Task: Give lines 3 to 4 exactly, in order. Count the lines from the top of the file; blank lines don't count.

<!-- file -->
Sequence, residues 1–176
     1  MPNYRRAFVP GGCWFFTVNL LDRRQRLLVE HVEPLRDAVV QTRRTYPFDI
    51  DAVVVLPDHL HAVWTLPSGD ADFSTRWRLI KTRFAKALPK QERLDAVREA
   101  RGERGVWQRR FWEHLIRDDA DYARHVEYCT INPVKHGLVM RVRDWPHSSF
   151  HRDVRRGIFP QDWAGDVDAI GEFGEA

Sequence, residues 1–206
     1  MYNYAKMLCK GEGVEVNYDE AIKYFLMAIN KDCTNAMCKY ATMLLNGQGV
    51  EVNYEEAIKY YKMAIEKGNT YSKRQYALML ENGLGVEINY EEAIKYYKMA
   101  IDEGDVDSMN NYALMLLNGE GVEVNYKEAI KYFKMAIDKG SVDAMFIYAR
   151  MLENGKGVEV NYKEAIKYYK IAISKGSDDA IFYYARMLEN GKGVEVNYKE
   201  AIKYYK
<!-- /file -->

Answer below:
    51  DAVVVLPDHL HAVWTLPSGD ADFSTRWRLI KTRFAKALPK QERLDAVREA
   101  RGERGVWQRR FWEHLIRDDA DYARHVEYCT INPVKHGLVM RVRDWPHSSF